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 Reign of Naval aviators
 LCA Navy programme will deliver operational LCA Navy Mk-2 fighter only a decade from now
 The Naval LCA being rolled out for public view
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Bangalore: The Aeronautical Development Agency (ADA) designed Light Combat Aircraft (Navy) is a highly ambitious project to develop the world’s smallest and lightest, carrier borne fighter with an unstable delta configuration and digital Fly by Wire (FBW). The LCA Navy must cater for a low approach speed, Ski Jump take off capability, with critical management of Angle of Attack (AoA), and have a structure capable of absorbing high vertical speeds while landing on an aircraft carrier deck. For ADA, with no experience in designing such an aircraft, the task has proved to be monumental and the first flight of the LCA Navy Trainer Prototype (NP-1) has been delayed by over a year. It is expected to take place only in the first half of this year.
 
 
The delay cannot be good news for the Indian Navy which, committed as it is to indigenisation, can now realistically expect the LCA Trainer variant to achieve Initial Operational Clearance (IOC) by 2016, with Final Operational Clearance (FOC) expected two years later, by 2018. This would actually be very good going as ADA would have delivered an operational navy trainer with which selected aircrew could begin conversion training aboard an aircraft carrier.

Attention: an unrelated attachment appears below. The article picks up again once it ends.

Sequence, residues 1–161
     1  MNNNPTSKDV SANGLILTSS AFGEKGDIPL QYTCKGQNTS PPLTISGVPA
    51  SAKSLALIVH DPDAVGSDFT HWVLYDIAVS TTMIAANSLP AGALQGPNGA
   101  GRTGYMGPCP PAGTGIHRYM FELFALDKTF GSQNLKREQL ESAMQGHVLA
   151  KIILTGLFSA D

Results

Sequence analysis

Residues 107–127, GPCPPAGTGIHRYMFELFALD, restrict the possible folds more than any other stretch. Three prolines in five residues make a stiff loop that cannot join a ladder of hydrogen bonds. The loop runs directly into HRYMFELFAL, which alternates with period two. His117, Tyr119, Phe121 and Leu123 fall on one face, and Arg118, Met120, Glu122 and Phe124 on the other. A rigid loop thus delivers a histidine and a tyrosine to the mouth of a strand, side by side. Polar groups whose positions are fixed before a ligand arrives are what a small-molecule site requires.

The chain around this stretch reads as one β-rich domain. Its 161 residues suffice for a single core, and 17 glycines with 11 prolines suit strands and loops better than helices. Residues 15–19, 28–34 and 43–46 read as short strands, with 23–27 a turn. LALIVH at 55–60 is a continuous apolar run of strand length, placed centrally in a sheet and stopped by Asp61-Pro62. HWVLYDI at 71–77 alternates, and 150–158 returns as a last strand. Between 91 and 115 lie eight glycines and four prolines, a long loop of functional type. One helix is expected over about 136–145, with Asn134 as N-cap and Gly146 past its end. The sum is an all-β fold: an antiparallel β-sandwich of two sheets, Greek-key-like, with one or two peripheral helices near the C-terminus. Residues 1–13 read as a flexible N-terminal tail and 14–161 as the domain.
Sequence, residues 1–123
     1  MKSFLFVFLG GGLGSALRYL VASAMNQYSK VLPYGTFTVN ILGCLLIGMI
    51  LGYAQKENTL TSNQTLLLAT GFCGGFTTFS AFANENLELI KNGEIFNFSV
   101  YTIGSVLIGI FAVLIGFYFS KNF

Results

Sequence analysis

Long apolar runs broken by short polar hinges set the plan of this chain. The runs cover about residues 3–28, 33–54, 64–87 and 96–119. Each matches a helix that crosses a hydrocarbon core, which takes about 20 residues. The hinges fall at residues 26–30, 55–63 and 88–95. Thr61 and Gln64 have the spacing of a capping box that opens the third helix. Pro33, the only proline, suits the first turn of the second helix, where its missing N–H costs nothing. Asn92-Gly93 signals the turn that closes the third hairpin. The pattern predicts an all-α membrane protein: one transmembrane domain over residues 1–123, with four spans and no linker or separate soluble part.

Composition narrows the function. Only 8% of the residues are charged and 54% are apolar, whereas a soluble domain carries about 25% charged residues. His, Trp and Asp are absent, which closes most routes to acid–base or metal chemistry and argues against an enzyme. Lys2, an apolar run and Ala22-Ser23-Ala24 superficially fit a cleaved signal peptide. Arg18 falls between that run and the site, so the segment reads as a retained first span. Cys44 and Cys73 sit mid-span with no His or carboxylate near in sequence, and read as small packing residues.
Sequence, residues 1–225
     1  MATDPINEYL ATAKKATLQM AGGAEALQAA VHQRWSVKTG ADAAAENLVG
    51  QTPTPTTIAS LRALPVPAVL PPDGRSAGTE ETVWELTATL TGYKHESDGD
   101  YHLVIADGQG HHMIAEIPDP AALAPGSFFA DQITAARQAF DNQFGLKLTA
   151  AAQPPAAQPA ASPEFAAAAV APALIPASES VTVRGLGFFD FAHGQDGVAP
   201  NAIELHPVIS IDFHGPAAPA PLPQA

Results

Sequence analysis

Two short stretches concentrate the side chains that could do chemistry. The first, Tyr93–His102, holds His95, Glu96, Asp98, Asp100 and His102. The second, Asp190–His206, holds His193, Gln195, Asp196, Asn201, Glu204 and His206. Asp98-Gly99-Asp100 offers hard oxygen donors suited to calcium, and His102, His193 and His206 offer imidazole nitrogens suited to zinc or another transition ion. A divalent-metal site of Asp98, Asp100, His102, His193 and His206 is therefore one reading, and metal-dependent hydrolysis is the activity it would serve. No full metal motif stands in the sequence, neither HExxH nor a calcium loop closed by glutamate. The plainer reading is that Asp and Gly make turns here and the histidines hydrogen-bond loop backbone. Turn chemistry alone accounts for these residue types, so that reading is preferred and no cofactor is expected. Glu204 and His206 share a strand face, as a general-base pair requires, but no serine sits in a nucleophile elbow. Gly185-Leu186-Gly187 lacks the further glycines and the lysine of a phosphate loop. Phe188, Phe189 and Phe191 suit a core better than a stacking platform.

Admiral Nirmal Verma speaking at the roll out of NP-1 stated that “The LCA Navy aircrew should have carried out conversion flying on the LCA Navy Trainer by 2014, as the indigenous aircraft carrier presently under construction in Kochi would also enter service at the same time.” As per a report by the Comptroller and Audit General (CAG) last year, as of December 2009, only 35 per cent work on the indigenous carrier had been completed. Compared to NP-1, the LCA Navy Fighter Prototype (NP-2) will feature revised air intakes for better engine performance at low speeds, full navy-specified avionics suite and increased internal fuel. The programme, as it stands today, needs more than a decade of design, development and flight testing before being able to trap on deck as an operational, all weather fleet defence fighter, flying off an aircraft carrier. Former chairman (HAL) Ashok Nayak had requested an early order for Limited Series Production (LSP) production of the LCA Navy Trainer, as a lead time of three years is required, to manufacture the aircraft. These orders would then be dovetailed into HAL’s existing orders. As it stands now, the LCA Navy Trainer will have only limited operational relevance.
 
 
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